National Volunteer Month: Meet Michael del Toro, Volunteer Tutor


Every week, volunteer tutor Michael del Toro brings his varied academic and extracurricular skills and interests to CIANA’s afterschool tutoring program and shares them with our elementary school-aged students.


In celebration of National Volunteer Month, Michael now shares with us his reflections on tutoring at CIANA during this academic year.

 

How did you decide to tutor at CIANA’s afterschool program?

When I was in ninth grade, I realized that I really enjoy teaching subjects such as Math, Computer Science, and Writing. I decided to get involved in tutoring; however, the onset of the COVID-19 pandemic made it quite difficult to find tutoring opportunities, considering that most institutions had been closed. My school tried to link me with an online tutoring organization, but they did not have enough space for more volunteers; nonetheless, that organization suggested that I apply to be a Volunteer Tutor at CIANA. I contacted them and interviewed, and I've loved volunteering here ever since. So, interestingly enough, while my encounter with CIANA was very spontaneous and unexpected, I'm very glad that I decided to volunteer here, as it's been one of my favorite hobbies ever since.


Overall, what has your experience tutoring immigrant children/children of immigrants been like?

My experience has been nothing but inspiring. While, of course, tutoring virtually can be challenging, I've had a very fulfilling and easy time working with my respective students. The kids I've worked with have been polite, hard-working, and eager to learn, and thereby have made my experience teaching very fun and enjoyable. I know I have access to many resources that others don’t have, and I am happy to see my students get engaged when someone takes the time to make sure they learn.


What are some challenges (and advantages) of tutoring virtually?

Tutoring virtually obviously has many drawbacks when compared to tutoring in-person. It's often hard to engage people when they're at home, not in a "school-like" environment, and sometimes teaching certain subjects (e.g. music) can be more difficult over a video call as opposed to an in-person session. However, the kids I've taught have been able to adapt to these challenges, so, in all honesty, this hasn't been very big of an issue. There are also plenty of advantages of tutoring virtually; it's often easier to schedule meetings, attend meetings, and work on online assignments. The key is that they have access to a computer/tablet and high speed internet; if they have that, then all of the other challenges like access and cost of transportation are not a big deal.


Is there a particular subject that you enjoy tutoring the most?

While I enjoy teaching nearly every common subject, my favorites are Math and Computer Science (coding). I would consider myself to be more of a STEM-oriented person, so it makes sense that these are my favorite subjects to teach; I've taught Math to many of my individual students, and I've helped run Physics and Coding classes that work with several students. I've really enjoyed teaching those larger classes, as it feels like I'm teaching a real school class, which is something I know I would enjoy.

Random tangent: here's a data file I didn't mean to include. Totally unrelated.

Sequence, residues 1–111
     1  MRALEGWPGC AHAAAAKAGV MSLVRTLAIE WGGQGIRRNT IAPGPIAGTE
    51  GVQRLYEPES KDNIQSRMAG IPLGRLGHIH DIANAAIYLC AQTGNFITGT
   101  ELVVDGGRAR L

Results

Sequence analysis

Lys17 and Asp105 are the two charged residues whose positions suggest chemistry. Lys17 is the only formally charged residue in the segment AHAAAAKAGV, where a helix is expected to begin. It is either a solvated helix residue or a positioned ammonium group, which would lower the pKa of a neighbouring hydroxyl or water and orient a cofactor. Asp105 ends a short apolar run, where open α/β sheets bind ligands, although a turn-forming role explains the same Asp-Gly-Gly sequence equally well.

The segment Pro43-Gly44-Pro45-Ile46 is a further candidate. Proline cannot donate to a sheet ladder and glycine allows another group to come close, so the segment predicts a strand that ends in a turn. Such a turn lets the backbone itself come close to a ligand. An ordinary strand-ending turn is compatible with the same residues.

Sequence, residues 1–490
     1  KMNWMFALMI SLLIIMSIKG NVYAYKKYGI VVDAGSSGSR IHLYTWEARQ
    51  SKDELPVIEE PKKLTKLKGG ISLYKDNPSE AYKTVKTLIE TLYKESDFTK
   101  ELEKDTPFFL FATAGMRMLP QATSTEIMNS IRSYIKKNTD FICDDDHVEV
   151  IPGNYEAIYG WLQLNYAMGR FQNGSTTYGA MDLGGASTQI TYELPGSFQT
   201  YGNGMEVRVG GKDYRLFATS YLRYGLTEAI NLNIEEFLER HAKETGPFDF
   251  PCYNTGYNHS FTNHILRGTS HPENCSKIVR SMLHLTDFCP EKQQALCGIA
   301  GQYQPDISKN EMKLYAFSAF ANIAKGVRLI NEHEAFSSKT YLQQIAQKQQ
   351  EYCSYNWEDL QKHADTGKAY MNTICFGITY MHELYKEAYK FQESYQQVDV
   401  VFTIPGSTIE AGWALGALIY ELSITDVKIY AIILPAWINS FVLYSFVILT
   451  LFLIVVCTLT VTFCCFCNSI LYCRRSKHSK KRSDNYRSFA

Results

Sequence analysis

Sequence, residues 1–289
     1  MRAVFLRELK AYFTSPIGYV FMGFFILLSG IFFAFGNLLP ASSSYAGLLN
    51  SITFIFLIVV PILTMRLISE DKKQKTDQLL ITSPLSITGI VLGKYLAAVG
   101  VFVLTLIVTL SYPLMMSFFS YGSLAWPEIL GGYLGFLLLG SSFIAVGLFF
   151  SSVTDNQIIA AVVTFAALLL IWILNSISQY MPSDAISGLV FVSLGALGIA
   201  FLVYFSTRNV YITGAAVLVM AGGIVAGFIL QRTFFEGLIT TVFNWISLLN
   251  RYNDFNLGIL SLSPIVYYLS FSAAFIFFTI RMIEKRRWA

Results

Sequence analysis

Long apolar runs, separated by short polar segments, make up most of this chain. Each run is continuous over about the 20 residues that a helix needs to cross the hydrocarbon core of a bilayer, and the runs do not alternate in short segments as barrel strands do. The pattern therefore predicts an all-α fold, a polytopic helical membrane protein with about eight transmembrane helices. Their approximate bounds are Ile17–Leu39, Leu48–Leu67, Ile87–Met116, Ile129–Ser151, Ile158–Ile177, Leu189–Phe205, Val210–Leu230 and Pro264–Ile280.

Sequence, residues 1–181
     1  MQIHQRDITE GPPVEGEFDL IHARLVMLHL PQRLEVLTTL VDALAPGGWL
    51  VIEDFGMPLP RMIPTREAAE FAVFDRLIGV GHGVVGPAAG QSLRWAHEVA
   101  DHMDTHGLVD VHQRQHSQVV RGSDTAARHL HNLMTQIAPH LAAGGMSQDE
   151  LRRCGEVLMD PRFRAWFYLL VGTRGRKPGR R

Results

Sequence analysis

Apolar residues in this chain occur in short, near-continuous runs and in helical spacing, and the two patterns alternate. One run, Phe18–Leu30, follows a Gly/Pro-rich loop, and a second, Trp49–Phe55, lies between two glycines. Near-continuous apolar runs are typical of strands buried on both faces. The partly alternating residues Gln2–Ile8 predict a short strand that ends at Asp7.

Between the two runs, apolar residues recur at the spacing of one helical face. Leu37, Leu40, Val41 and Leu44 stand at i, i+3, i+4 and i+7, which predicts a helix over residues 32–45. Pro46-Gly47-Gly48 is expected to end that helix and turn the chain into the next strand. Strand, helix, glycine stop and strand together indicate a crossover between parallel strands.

Are there any notable memories you have had with students in the program?

The most notable memories are those where students have persisted and progressed their academic skills in some way. For example, in my experience helping students with new and difficult concepts and problems, they often struggle at first. However, the students I've taught were able to overcome their challenges and become better students overall. It really puts a smile on my face when students have that "a ha" moment and overcome their struggles with regards to difficult concepts.


What impact do you hope you have left on students you have worked with?

Above all, I hope that my students know that there are people outside of their community that care a lot about their success. I know they are curious and eager to learn. Also, having gone through nearly all of grade school, I'll concede that there have been times when I haven't liked a certain subject, but as I became more comfortable with it, I started to like it more. I sincerely hope that the students I've taught (at the very least) will be more eager to learn in general, especially in new subjects, such as Computer Science and Music. I hope that I've inspired my students to branch out and explore new subjects that they now find interesting.

 

We want to express our gratitude to Michael for his commitment to helping CIANA’s youngest clients enhance their education and extracurricular skills. Thank you Michael!

 

To learn more about or volunteer at our afterschool programs for elementary and middle school students, call (718) 545-4040 or email info@cianainc.org.


For all other open volunteer opportunities at CIANA, visit cianainc.org/volunteer.